For past the six years Dean Gray, an American government teacher at Norwalk High School, has organized a student-led program known as Giving Charity to Charities.
The program calls for 12th-grade students in social studies classes to select a local, national or international charity organization to receive the proceeds from campus fundraising drives held by the students.
The selections are based on the personal interests or connections the students have to issues or causes. Since 2013, the program has raised a total of $75,000 that have gone to 54 different charities.
In addition to an annual winter student assembly on campus where the classes present their donations of $1,000 to charity group representatives, there are usually also acknowledgement letters or phone calls received by the school from each of the charity groups.
But this year, there was a special sort of thank you that was offered by Drop in the Bucket, which received a $1,000 donation from the students.
Drop in the Bucket, a Los Angeles- based organization that provides drinking water and sanitation systems to schools in African countries, passed along some photos of young students in Uganda expressing their gratitude. The shots showed the African youths with warm smiles holding a sign that said: “Thank You Norwalk High School.”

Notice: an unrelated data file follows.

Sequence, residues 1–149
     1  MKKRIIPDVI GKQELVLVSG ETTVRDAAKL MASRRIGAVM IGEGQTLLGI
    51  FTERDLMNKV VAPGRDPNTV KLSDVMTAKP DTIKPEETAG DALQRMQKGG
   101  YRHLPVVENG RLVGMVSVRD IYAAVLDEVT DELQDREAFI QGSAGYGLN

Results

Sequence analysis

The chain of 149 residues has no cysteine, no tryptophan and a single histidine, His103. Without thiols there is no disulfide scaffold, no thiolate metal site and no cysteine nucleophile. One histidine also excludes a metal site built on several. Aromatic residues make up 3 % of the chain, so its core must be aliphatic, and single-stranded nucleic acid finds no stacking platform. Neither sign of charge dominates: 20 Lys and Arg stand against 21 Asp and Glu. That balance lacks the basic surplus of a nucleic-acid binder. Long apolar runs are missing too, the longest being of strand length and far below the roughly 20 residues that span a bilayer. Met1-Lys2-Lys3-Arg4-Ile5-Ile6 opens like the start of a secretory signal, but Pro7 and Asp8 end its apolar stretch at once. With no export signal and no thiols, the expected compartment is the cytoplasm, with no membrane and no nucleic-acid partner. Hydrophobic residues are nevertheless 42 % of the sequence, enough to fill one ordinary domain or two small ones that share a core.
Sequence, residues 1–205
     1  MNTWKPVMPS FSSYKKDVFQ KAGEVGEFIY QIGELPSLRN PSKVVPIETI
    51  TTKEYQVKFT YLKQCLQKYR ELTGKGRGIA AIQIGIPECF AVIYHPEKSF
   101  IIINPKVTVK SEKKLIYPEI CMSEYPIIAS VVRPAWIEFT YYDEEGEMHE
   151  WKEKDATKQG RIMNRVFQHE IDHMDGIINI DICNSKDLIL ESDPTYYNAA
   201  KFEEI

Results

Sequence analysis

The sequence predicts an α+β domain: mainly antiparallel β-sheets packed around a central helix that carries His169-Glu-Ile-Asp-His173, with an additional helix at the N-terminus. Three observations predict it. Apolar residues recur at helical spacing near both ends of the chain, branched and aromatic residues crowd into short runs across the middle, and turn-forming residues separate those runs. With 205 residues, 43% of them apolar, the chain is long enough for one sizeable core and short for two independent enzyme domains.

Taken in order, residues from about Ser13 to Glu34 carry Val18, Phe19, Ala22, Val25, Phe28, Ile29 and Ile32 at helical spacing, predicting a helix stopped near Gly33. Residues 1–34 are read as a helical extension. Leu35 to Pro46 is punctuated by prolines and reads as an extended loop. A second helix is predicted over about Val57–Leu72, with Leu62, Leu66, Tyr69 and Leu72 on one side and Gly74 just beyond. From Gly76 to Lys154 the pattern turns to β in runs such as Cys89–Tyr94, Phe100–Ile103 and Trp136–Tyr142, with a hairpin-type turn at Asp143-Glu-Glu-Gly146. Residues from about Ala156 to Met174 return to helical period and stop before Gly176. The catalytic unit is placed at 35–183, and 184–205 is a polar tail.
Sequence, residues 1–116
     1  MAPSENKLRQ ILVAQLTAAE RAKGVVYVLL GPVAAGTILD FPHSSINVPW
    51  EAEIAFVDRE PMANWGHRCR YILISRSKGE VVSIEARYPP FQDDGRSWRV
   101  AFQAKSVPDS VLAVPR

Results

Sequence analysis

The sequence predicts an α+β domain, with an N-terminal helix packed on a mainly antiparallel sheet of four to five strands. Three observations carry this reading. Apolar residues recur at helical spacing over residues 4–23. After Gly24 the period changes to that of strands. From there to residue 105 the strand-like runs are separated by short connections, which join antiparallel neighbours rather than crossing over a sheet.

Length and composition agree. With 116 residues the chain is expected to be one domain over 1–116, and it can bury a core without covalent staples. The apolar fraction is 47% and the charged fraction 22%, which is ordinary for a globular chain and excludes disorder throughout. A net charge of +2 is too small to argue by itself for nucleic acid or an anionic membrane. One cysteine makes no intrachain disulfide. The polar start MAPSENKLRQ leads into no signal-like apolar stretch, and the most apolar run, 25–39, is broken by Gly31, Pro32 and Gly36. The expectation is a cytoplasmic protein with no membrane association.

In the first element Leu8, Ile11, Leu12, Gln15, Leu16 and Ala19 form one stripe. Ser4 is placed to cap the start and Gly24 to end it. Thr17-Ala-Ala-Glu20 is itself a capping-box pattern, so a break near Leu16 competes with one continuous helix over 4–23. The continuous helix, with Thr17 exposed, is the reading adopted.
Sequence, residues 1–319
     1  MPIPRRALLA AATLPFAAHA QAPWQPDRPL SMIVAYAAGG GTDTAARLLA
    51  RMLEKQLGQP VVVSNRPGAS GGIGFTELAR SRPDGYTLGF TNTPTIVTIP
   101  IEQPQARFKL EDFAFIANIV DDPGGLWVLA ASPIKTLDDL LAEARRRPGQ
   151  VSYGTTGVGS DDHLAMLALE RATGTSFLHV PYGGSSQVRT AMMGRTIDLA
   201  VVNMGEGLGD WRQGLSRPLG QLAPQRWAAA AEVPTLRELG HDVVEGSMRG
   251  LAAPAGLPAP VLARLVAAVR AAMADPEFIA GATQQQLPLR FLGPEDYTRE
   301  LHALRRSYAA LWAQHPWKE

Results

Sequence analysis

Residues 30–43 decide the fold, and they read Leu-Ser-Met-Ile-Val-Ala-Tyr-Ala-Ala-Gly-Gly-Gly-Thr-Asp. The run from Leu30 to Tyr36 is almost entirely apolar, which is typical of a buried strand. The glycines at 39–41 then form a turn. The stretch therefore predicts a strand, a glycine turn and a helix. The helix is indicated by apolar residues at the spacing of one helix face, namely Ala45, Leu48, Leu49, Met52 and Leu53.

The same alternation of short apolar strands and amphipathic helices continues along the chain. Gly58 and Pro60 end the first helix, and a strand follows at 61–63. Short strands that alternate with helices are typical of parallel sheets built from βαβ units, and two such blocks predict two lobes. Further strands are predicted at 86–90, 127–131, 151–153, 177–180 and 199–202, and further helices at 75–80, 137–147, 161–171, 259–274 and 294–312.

Gray was happy but not entirely surprised to see the kind messages. “It’s another success story of our kids making a difference in people’s lives. Fresh water. How awesome is that?” he said.
Bailey Martinez, 18, is the student who did the research to find a water-related charity to propose to classmates as a donation recipient. He found out that unlike some groups that just passed along funds to other organizations that perform the work, Drop in the Bucket was different. The nonprofit was directly involved with staff on-ground in the countries doing the labor to plan and develop the systems.
“That’s was one I really liked. I felt that they did the most and they’re based here in L.A. and thought that was con- venient,” Martinez said. “I think clean water is something we take for granted and it’s not something everyone has.”
Over a three-week period, Martinez along with more than 300 other seniors hawked chewy energy bars on campus
to fellow students and then also sold them off campus. All of the teams did fundraising in the same way for the same amount of time. A total of $13,000 was raised for 13 charities. An additional charity, Race to Erase Multiple Sclerosis, received $1,000 donated from a local golf tournament organized by teachers and staff.
“Every year it’s unique,” said Gray about the program. “The kids find new charities and new ways to help people. It’s very personal for them. And 54 total charities are impressive. It’s amazing to be a part of it.”
Nineteen students representing the teams, along with teachers involved in the program, were recognized at the Feb. 26 meeting of the Norwalk-La Mirada Unified School District Board of Education.
By Richard de la Torre